Click here to read an original op-ed from the TED speaker who inspired this post and watch the TEDTalk below.
"Thinking about death will clarify your life." -- Candy Chang
It's true that in today's world it's frowned upon to think or talk about death... after all, it's such a morbid and negative topic. I, like Chang, believe that if more people took the time to think about the fact that one day we all die, they'd be living completely different lives.
I'm one of those people that lives with a hyper awareness of death. For some, that would mean living in a constant state of fear, stress or depression. For me, it means living with a strong sense of urgency to live out my purpose, connect deeply and not waste time on things that don't matter.
Many people lack this valuable sense of urgency.
Instead of spending time with the people they love and cultivating deep, meaningful connections, they worry about what other people think, spend hours in front of the TV or prioritize external obligations over the people that really matter to them.
Instead of finding their passions and building a life around it, they spend years working for someone else, doing something that drains them, all for the sole purpose of paying for things they may not really need or want, but feel they should have.
They put things off until "later" and save the fine china and fancy dresses for "special occasions" that they're not guaranteed.
Living without this sense of urgency causes people to mentally check out of life in the present and focus time and energy on things that they perceive are important, but when they take a step back and reevaluate, have no true value to life.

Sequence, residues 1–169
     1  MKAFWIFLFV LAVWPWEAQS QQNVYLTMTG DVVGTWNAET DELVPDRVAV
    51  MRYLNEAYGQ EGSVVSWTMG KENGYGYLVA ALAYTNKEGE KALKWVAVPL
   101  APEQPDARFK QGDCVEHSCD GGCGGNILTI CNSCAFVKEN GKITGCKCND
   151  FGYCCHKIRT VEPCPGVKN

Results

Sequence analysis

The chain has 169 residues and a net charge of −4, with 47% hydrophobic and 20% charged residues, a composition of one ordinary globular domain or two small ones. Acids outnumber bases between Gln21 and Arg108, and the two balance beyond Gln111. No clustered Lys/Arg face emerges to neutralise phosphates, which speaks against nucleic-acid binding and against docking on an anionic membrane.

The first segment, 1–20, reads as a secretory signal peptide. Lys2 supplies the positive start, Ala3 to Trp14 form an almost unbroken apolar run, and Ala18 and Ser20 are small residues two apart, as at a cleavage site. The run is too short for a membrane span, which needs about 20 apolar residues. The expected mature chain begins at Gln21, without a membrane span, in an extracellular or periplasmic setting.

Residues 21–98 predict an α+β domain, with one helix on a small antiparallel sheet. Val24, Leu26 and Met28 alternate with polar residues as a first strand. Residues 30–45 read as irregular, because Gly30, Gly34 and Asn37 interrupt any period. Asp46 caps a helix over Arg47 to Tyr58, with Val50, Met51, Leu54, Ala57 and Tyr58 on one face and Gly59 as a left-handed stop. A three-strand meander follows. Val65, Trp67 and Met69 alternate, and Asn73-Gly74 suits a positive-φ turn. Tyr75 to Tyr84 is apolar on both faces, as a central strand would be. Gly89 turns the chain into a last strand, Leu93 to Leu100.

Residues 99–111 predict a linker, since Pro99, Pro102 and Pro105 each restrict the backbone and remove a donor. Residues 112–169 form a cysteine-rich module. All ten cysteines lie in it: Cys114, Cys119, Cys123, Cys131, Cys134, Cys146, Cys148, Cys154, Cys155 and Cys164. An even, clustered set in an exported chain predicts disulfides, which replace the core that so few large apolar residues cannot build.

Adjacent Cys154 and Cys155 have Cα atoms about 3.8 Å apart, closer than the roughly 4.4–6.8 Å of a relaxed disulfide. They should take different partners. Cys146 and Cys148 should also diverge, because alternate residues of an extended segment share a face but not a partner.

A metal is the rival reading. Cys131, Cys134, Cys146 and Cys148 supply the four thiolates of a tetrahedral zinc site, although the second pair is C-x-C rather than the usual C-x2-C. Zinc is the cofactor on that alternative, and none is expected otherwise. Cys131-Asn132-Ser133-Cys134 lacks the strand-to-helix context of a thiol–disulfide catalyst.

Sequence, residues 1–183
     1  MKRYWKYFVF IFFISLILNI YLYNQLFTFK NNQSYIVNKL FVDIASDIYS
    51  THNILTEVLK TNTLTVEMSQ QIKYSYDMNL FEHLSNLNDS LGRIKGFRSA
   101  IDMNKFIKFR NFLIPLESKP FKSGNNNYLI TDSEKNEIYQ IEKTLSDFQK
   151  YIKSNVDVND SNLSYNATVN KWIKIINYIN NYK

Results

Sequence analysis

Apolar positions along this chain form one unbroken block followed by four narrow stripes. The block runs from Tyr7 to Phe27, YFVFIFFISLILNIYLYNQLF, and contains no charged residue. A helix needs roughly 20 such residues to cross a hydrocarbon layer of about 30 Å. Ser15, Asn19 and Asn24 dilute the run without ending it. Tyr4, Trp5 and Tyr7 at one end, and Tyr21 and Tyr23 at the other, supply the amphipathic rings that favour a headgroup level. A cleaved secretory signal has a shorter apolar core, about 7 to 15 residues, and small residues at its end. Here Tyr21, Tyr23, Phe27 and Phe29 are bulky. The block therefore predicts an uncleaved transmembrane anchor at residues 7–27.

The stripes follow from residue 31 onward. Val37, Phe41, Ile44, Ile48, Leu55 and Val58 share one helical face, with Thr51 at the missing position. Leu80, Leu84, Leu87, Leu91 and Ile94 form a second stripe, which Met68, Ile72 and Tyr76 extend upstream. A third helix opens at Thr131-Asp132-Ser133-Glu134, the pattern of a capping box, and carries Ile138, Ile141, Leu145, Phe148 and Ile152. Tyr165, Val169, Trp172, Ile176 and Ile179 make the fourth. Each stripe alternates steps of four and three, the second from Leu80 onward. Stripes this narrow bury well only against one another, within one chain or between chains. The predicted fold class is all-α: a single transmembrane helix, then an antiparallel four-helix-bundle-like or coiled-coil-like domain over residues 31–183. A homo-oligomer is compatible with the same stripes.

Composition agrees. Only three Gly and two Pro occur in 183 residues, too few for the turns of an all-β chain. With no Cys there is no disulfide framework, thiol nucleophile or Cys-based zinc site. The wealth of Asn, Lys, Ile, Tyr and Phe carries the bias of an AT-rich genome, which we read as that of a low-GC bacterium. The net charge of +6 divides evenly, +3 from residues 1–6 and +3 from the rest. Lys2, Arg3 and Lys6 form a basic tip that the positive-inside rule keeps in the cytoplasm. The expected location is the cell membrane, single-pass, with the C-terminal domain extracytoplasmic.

To be fair, I'm not immune to getting caught up in less important things from time to time. After all, the bills must get paid and certain things just need to be done as long as I'm alive and choosing to run a business and live the life I've created for myself.
The difference is, I'm aware that my time is limited. Every time I leave the house I'm aware that it may be the last time I'm able to kiss my cats on the head or give my boyfriend a hug and say "I love you." This makes my moments far more present and meaningful. It prompts me to pause and take the time to connect and express myself.
More importantly, accepting and becoming aware of the inevitable means that instead of fearing it, I fear wasting the limited time I have by not living out my purpose.
Living with a sense of urgency creates a life of purpose which, in turn, leads to a happier, healthier and more fulfilled individual.
Throughout my life, I've stopped to ask myself many important questions.
If this was my last day, would I still want to do what I'm about to do? If I only had a month left to live, are these the people I would want to be spending that time with?
For me, the question, "what do I want to do before I die?" is more about creating a legacy and having a positive impact on the world. It's not about crossing skydiving or running a marathon off a bucket list... while those things would be fun, it's more about making sure that I live my purpose.
I want to teach and inspire personal responsibility in as many people as possible before I die. I believe, wholeheartedly, that personal responsibility has the power to change the world. This is my passion and my purpose. Therefore, I make sure that everything I do serves that purpose. I also want to create something that continues beyond me and further positively impacts the world.
There's no right answer to the question, what do you want to do before you die? The only thing that matters is that you answer honestly and make yourself aware of the fact that you may not have "later" to carry it out. Learn to shift the fear of death to a sense of healthy urgency. Let that urgency fuel actions that lead to deeper connections, purpose, passion, joy and making whatever impact you want to make before you go.
Stephenie Zamora is the founder of www.stepheniezamora.com, a full-service, life-purpose development, design and branding boutique.
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